Covering a 1972 Black Sabbath song seems an unlikely choice for a black Soul singer.
“The reason I wanted to learn it is because of my Mom, and because the lyrics fit my soul. And when I hear something my soul likes, I can bring it out.”
Bradley elaborated that his mother’s impending death made "Changes" a poignant song to cover for his new Daptone Records album of the same name.
“We were binding together again because we had a lot of absences in our life between one another. She was telling me a lot of things about her life, and I was telling things about my life and my absence from her. One part of the song really says it all: ‘It took so long to realize/I can still hear her last goodbye/But now all my days have turned to tears/I wish I could go back and change these years’.”
Because he lived a difficult and chaotic life, Charles Bradley would likely have brought “soul” to any music genre he chose. At eight months old he was abandoned by his birth mother and lived with his grandmother until his mother took him back at age eight. By 14, he had had enough of a dirt floor basement bedroom and hit the streets, living in abandoned buildings by day and sleeping in New York City subway cars at night. His later jobs included stints with Job Corps and time as a chef in posh Bar Harbor, Maine. Reflecting on his time living homeless, Bradley advises those who ask to keep family and friends close.
“It was a hard time as a 14 year old living the streets, abandoned streets and subway cars, scrounging for food. I didn’t know anything until I was grown. All I knew was people took me in when they wanted something from me and used me in their own selfish ways. But what kept me strong is my faith.”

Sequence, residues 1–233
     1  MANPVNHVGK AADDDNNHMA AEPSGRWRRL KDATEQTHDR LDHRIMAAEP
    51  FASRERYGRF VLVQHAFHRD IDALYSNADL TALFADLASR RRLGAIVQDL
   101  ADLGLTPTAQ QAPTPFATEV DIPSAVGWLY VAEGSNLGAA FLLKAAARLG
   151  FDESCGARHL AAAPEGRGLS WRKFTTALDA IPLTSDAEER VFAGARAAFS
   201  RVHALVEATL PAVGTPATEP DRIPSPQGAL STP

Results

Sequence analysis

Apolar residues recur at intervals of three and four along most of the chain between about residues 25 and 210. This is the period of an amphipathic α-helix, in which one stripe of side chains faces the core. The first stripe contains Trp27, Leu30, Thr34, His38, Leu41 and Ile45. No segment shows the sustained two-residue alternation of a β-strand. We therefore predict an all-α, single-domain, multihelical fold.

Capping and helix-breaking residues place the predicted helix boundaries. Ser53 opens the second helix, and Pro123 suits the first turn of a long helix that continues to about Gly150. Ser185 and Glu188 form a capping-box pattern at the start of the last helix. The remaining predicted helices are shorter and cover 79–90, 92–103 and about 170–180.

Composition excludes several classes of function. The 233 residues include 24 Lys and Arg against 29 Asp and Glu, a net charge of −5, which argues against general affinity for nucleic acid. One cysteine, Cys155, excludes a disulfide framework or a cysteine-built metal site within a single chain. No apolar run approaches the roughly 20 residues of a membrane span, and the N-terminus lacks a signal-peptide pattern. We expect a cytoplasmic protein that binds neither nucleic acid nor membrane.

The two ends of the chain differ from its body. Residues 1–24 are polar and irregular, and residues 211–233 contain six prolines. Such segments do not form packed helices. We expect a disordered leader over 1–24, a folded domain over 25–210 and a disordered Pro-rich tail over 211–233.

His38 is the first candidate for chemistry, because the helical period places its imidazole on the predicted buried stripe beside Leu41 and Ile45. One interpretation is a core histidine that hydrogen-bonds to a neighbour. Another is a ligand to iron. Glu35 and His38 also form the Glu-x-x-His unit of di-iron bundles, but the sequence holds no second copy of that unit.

Bradley says that faith was instilled by his Grandmother.
“My Grandmother always said ‘if you love God with all your heart and soul, show his creations, man and woman on earth that you love them, and learn how to carry your cross like Jesus carried his cross. And then God will hear your cry in Heaven’.”
Though his chaotic life, Bradley music was a constant. For years he performed as a James Brown impersonator in the clubs of Brooklyn. He admits he was close to giving up his music business dreams.
when he was discovered by Daptone Records just over five years ago when he was in his early 60’s. “Changes” is his third critically acclaimed album for the label, an album that allowed him to express feelings about many topics, including the reunion he had with his mother. He says that reunion was a blessing, and bittersweet.
“When I heard some of the changes she had been through, and I looked at a lot of things she said and told her some of the things I had gone through, I heard the cry in her voice she was sincere about what she was saying. And I said Mom let’s forget about the past. Let’s bind these minds together and learn to love one another. I’m glad I got a chance to really get to know her.”